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Herb J. Smith II

Take Advantage of Special Offers on Keepers of the Dawn

Reblogged from Herb J. Smith II:
Keepers of the Dawn - Herb J. Smith II

Announcing a new SPECIAL OFFERS PAGE.

This new page will be updated periodically with one or more SPECIAL OFFERS related to Keepers of the Dawn. Offers may include discounts on Keepers of the Dawn, contests for free copies of the ebook, and other deals.

Visit the page today to take advantage of these two offers.

1) HALF OFF the epub version of Keepers of the Dawn now through April 18, 2015.

2) A Quiz Contest. Correctly answer the contest question and WIN A COPY of Keepers of the Dawn (epub version).

 

Visit www.KeepersOfTheDawn.com/Special-Offers today for details on both offers.

Source: http://www.KeepersOfTheDawn.com

Crafting Language for the Post-Apocalyptic World

When crafting a post-apocalyptic world, one consideration easily overlooked is that of language. What one might call the post-apocalyptic language of the survivors. In a world only two or three generations removed from an apocalyptic event, the language will likely exhibit few changes. But in a world set farther in the future, say a century or more, it’s likely that the language will embody numerous changes, or at least significant ones. The reason for this is twofold.

 

First, a post-apocalyptic language will be greatly influenced by the amount of knowledge that survives the apocalyptic event. Some knowledge may have survived as the product of purposeful attempts to salvage pieces of the previous world, while other knowledge will have survived simply from the fact that a survivor contains within him the knowledge and language of the previous world. Second, a post-apocalyptic language will be altered by the addition of new words and phrases, as well as the exclusion of others. People of a post-apocalyptic society may likely encounter strange new events, objects, and phenomena that were nonexistent in the pre-apocalyptic world, or at least rarely experienced there. Such a society would need to invent new terms to describe these things. Conversely, events, objects, and phenomena that no longer exist in the world will eventually fade from the language.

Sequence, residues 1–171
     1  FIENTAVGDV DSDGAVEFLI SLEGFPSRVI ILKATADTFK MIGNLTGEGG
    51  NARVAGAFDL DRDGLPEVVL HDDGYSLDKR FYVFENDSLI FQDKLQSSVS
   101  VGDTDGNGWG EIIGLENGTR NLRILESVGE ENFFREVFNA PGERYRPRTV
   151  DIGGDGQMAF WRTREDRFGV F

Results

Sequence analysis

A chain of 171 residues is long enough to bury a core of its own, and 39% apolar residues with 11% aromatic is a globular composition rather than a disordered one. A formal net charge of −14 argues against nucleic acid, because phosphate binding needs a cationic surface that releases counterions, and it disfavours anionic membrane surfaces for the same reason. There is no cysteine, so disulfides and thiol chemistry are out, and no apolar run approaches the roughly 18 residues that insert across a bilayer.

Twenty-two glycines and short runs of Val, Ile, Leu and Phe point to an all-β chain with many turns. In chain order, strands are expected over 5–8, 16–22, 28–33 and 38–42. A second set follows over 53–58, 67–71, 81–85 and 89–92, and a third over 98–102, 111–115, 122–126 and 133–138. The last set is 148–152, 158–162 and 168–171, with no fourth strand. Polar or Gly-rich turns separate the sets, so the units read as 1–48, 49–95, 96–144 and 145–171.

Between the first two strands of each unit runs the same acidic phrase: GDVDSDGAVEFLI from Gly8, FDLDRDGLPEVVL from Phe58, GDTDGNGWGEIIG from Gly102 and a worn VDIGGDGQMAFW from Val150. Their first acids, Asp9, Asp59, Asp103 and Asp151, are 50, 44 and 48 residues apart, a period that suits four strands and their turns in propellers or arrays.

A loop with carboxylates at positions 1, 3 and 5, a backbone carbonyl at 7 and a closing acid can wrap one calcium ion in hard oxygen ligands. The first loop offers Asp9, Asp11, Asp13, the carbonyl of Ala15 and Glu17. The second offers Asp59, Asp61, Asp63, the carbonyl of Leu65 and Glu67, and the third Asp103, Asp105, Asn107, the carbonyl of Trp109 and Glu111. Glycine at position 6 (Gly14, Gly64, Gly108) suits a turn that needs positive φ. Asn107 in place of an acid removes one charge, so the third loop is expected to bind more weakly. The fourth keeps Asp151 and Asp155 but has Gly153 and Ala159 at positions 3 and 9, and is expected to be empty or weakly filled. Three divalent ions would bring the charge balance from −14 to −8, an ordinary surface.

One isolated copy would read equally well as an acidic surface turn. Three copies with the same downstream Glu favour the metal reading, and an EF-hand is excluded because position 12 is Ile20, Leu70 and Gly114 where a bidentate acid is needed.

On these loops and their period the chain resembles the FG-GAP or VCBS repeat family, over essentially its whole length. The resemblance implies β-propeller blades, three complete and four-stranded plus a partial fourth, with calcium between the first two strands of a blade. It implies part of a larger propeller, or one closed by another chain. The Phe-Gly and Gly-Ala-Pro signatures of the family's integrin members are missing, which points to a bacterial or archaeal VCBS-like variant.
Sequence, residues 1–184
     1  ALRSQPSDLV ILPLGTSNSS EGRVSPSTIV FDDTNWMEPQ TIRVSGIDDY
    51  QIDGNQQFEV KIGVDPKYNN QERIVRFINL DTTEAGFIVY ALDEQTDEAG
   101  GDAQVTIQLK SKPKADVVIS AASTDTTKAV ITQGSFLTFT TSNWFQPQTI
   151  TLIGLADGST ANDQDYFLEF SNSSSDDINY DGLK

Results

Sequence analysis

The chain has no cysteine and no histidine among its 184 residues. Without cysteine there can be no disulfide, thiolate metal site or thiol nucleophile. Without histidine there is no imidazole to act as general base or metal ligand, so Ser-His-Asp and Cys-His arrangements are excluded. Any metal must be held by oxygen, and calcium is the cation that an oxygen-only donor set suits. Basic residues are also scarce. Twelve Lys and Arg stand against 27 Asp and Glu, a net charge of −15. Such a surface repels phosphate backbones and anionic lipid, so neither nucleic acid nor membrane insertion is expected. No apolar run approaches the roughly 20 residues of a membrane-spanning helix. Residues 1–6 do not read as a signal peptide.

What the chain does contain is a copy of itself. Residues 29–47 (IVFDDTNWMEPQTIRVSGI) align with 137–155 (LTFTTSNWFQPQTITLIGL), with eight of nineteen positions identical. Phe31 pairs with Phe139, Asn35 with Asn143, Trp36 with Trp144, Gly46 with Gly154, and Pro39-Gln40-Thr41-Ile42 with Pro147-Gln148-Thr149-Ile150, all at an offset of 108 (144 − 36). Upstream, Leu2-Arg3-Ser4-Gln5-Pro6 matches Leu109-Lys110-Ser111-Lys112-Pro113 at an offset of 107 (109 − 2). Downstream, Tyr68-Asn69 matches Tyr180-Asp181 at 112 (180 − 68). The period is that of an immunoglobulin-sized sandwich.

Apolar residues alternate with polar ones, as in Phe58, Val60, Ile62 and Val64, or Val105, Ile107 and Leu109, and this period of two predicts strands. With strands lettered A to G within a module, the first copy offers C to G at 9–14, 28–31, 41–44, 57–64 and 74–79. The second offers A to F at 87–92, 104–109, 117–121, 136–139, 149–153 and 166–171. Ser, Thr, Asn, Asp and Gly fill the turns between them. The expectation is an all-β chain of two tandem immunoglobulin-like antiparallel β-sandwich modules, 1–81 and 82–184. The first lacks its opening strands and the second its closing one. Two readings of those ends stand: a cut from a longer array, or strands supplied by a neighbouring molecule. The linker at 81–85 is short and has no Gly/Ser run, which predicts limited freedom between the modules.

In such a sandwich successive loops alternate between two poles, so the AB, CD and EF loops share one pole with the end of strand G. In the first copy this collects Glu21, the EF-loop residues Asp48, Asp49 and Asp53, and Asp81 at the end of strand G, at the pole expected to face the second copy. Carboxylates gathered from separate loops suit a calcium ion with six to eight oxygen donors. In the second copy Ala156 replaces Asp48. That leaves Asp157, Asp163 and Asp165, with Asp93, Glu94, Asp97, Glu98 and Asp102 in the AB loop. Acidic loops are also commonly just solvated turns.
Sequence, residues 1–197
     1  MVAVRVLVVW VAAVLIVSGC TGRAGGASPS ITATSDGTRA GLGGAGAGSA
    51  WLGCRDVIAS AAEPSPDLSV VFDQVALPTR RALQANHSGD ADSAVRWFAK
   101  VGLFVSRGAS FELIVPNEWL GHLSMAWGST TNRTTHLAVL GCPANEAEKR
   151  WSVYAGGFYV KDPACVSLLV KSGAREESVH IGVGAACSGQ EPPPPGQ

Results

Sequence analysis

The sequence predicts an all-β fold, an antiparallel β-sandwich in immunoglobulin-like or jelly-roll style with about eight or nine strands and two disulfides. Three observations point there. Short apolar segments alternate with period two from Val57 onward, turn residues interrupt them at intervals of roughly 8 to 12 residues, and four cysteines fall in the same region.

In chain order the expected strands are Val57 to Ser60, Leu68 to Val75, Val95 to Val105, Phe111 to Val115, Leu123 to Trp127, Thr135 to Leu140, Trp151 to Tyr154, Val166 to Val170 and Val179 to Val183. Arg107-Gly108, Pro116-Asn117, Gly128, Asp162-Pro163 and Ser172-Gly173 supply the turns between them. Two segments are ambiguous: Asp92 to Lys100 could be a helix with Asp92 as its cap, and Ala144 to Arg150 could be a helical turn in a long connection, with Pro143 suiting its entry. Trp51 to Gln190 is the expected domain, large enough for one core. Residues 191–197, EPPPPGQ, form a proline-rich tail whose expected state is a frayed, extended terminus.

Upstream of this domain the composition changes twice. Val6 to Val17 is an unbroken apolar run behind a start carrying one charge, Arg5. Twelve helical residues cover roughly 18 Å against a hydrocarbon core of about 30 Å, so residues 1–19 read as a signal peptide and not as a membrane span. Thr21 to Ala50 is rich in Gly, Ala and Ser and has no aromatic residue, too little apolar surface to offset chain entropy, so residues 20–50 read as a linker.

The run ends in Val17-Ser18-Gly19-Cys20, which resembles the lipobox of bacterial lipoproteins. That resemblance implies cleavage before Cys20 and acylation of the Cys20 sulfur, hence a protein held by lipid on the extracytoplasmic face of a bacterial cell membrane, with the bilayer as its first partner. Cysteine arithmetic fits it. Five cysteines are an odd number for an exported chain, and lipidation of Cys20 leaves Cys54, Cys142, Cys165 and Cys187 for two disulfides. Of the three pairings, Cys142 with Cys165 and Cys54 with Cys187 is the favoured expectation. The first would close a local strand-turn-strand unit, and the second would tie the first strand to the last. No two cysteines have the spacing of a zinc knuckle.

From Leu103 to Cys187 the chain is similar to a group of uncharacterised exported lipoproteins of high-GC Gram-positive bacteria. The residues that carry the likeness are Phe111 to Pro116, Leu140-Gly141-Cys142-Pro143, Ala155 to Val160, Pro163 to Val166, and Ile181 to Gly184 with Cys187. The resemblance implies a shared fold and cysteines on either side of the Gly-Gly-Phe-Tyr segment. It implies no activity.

In our own world today, we find remarkable examples of preserved knowledge. Examples from ages past that have survived down to us nearly intact through nothing more than the simple vehicle of repeated copying. In Judaism, for example, centuries of tradition have held that even a one-letter discrepancy in the creation of a written copy of the Torah is unacceptable. Comparing ancient copies of this text with modern copies reveals incredible fidelity, despite the fact that the versions were created centuries apart. Similar fidelity is also found to exist in the tales of some oral traditions.